I remember the laughter, I remember the tears
I remember the catching up on all the years
I remember the joy, I remember the pain
I remember it all, and live it again.

I take your picture in my hand and dream
I think of your beautiful face and wish
But I don’t want you to be in love with me
I just make your happiness my true wish

I think of all the wrong things I did
But I wouldn’t want it any other way
I will always be your friend, you will always be mine
That’s the way that in my heart you’ll stay

I tried to hurt you on that very sad day
But I’m very glad you’re my friend anyway
I messed up so bad, you were still my friend
For that I will be grateful until the end.

Jo-Pete Nelson
6-25-98


uploaded Mon March 10 2003 at 4:16 PM
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Diamonds-poetry
I would’ve gotten diamonds,
But the cost way too much,
I would’ve gotten pure gold,
But I can’t afford that such.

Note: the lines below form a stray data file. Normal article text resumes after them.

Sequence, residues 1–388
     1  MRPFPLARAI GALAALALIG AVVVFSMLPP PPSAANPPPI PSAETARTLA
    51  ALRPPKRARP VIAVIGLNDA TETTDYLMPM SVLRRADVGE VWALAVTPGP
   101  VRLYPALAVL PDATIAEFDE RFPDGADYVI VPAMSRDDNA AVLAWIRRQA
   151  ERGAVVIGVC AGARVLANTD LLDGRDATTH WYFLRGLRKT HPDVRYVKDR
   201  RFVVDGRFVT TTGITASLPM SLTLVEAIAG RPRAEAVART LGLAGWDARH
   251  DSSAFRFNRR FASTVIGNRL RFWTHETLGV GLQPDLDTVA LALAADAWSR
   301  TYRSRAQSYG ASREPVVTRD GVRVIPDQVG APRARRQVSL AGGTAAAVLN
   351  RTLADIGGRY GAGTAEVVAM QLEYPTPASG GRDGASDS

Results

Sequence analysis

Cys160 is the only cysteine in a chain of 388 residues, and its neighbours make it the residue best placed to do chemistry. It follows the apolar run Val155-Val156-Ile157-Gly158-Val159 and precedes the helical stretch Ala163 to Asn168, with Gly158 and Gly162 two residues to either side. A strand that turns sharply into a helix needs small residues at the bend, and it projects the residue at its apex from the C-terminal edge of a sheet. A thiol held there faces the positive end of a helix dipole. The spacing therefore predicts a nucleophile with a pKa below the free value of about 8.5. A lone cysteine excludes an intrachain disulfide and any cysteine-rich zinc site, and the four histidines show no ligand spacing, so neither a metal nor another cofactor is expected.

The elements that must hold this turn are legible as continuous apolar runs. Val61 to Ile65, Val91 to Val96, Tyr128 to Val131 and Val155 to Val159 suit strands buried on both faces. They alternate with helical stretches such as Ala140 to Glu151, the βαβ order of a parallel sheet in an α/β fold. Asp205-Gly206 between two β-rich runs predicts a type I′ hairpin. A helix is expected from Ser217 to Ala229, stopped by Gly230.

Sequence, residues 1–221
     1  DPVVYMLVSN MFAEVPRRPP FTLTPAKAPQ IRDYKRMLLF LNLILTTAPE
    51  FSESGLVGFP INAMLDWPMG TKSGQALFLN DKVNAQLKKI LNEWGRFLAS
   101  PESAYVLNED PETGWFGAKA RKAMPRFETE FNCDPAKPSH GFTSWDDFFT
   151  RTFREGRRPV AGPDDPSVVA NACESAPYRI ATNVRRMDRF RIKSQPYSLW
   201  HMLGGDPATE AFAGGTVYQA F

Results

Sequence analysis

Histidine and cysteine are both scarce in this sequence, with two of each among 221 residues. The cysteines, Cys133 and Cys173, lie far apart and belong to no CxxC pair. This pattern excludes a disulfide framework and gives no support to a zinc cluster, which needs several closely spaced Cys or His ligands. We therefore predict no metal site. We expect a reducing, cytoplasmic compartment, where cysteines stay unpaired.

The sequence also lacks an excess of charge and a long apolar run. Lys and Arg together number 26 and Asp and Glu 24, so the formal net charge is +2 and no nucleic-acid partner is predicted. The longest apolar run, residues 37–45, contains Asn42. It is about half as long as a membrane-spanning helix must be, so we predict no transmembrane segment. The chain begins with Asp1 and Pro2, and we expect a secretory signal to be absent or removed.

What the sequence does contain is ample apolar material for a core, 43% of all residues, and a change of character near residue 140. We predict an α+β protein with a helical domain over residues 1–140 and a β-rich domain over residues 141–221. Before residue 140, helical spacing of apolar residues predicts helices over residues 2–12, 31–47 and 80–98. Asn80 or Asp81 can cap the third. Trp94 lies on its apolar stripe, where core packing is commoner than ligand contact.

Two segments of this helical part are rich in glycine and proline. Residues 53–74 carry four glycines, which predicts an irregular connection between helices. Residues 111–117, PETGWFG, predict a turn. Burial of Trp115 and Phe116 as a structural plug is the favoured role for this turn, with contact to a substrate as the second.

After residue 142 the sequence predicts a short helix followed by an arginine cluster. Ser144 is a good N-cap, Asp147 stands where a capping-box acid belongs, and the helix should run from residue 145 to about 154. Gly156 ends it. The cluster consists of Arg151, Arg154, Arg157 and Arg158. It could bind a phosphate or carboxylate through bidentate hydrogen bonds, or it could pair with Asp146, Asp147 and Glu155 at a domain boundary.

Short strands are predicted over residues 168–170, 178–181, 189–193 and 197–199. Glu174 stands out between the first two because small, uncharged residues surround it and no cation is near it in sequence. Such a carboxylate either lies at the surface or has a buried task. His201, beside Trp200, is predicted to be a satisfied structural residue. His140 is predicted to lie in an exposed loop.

I would’ve gotten emeralds
‘cause they’re so pure and green
would’ve gotten rubies,
but they’re worth bills I’ve never seen

So I got you plain old silver,
I hope you like it well,
‘cause I would’ve gotten diamonds,
but they weren’t on a good enough sale.

Jo-Pete Nelson
Date- approx 1997-8?

uploaded Mon March 10 2003 at 4:15 PM
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Birthdays-poetry
One year older, that is true
Some say one year wiser, too
One year’s experience, you may say
But am I any different than yesterday?

We count our birthdays one by one
We eat the cake, we have the fun
But every year come December
I like to make my life even better

Jo-Pete Nelson
December 11, 1997


uploaded Mon March 10 2003 at 4:14 PM
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contemplations-prose|*|see also Eclectic Memories
Sometimes, the day of the funeral is sunny.

I didn’t cry that day. Mostly, I just thought. Maybe I was afraid of crying. I know that people like to say that it’s good to get it out of the system, but it was almost like crying somehow validated the whole thing. Maybe irrationally and subconsciously I was thinking that maybe if I didn’t let it really touch me, it wouldn’t really be real. Reality works otherwise, though.